When this shooting took place, one of the immediate and obvious reactions from the public was, "How could this have happened, yet again?" One popular answer: Sandy Hook shooter Adam Lanza, like many other mass murderers, had access to and used a semi-automatic rifle, which despite having no redeeming social value, are still readily available. The public then takes up arms (figuratively, of course), politicians hear about it, and before you know it, legislation is being passed to restrict the sale of semi-automatic weapons. And that's totally bad news bears for the NRA, which represents the business interests of gun manufacturers.

Now, the NRA can't just argue hunting rights or whatever for a weapon that's just been used to murder 20 kids, because that's not actually a fight you can win, so the next best strategy is to obfuscate the issue. In that, video games make the perfect target. See, the NRA knows that the future of the consumer weapons industry is uncertain because like many other socially conservative issues, gun supporters are dying off without being replaced by a new generation. Why? Because instead of purchasing BB guns and bows-and-arrows for their kids, parents are increasingly turning to, and kids are increasingly asking for, video games.

In that light, the NRA's attempt to shift the conversation away from the immediate threat of gun control and onto the long-term threat of video games is absolutely rational, and actually pretty smart. What's more, the NRA knows that America fetishizes the idea that every voice should be heard, irrespective of whether what's being said is constructive or destructive, pernicious or valid. It also knows that objectivity is defined by whichever subjective voice shouts the loudest, and we all know how much the press loves their objectivity.

All the NRA needs to do is grab the press' ear and out-talk organizations like the Entertainment Software Association (which, having been roped into the issue, is shouting its own message as loudly as its comparatively paltry budget allows) or the National Alliance on Mental Health (which... well, who actually listens to their shrink, anyway?). That done, the topic of gun violence becomes dominated by everything but the guns themselves. It's an opportunistic gambit, plain and simple.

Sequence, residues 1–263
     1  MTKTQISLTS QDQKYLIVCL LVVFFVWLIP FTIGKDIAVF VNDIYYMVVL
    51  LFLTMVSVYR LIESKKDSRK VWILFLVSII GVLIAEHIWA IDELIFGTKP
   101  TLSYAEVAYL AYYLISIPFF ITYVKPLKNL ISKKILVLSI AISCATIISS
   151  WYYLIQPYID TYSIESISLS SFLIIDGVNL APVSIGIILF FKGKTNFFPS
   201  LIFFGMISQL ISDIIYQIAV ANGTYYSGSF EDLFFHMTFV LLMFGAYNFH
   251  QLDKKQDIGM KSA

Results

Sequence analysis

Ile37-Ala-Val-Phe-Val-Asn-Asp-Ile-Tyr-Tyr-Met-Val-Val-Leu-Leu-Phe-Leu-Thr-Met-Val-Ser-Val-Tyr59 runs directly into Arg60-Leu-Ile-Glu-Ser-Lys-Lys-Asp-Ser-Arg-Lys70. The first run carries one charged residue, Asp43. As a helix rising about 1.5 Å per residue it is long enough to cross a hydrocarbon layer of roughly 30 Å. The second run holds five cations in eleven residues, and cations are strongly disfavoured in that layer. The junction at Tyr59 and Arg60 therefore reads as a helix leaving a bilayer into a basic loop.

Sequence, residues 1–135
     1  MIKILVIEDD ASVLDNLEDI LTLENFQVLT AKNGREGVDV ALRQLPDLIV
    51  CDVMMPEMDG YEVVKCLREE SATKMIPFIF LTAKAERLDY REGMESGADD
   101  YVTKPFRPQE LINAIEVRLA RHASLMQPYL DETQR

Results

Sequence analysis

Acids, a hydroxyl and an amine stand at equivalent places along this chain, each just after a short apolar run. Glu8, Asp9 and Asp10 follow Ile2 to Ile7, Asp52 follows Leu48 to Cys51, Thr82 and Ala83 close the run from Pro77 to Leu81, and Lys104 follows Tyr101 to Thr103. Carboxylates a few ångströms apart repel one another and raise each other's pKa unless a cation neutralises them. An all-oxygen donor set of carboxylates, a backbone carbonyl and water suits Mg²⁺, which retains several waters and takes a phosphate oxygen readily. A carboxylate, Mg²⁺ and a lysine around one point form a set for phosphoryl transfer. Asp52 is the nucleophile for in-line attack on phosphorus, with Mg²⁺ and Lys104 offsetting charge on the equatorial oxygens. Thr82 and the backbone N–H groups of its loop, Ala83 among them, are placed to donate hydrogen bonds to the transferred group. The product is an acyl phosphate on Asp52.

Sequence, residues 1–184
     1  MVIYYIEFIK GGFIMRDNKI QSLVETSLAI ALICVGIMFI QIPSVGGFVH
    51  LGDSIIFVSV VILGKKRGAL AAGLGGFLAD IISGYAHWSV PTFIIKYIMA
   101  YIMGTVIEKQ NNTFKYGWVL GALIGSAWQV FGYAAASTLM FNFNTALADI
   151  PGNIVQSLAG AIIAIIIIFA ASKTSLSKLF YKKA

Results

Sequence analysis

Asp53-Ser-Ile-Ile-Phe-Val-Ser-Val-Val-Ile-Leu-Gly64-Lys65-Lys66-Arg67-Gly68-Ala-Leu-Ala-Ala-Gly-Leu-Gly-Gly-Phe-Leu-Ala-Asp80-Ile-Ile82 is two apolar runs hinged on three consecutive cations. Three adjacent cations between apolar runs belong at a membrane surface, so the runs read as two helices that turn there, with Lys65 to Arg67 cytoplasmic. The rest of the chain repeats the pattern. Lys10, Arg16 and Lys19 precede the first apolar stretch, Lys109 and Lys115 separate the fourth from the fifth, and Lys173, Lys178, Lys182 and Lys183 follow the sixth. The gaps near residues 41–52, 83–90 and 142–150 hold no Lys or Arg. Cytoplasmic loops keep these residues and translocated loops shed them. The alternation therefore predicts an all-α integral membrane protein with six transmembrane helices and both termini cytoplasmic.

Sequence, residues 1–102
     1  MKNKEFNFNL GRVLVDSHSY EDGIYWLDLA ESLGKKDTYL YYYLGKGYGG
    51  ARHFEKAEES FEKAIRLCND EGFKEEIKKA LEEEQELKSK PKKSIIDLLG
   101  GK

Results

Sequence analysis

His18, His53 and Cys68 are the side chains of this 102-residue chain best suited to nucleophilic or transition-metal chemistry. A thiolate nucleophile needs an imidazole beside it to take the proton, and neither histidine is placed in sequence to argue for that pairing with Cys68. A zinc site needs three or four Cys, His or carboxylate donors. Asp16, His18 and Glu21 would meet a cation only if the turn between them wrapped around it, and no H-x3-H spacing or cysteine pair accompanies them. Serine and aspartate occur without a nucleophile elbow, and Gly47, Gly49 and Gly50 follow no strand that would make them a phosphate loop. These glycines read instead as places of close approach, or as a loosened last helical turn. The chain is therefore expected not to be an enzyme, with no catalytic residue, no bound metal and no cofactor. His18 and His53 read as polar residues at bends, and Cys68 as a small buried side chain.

Here's the thing. The press actually really wants to take the NRA's bait. Why? To give folks like Alex Jones a platform to deliver his on-message rhetoric--irrespective of whether that message is constructive or destructive, pernicious or valid--that's just a quick-and-dirty follow-up story. Occasionally, it even blows up and spreads across the Internet, bringing in millions of pageviews. That's great for business.

So you can think of it this way. When Nvidia announced Project Shield earlier this week, we scrambled to dissect the circuitry and pass on any old piece of gossip that had a tinge of plausibility. It's what we do, because our business is entertainment, and if we screw up, the worst that happens is Project Shield becomes a fully functional piece of technology on store shelves. Which is to say, we can do what we do in the way we do it because, ultimately, it just doesn't matter.

However, when the press does the same thing for a massacre, the worst that happens is we end up with more people like Adam Lanza murdering people on a massive scale. You can't talk about a massacre as if it doesn't matter.

The good news is that the conversation that should be happening does appear to be happening, largely (and safely) tucked away from public discourse. This week, representatives from the games and film industries are testifying before the governmental Gun Violence Task Force, led by Vice President Joe Biden. The NRA will also have a turn. Each of these industries will invariably speak from a defensive position, putting forth reasons why they aren't to blame. Perhaps they'll also realize that no one is actually shooting at them.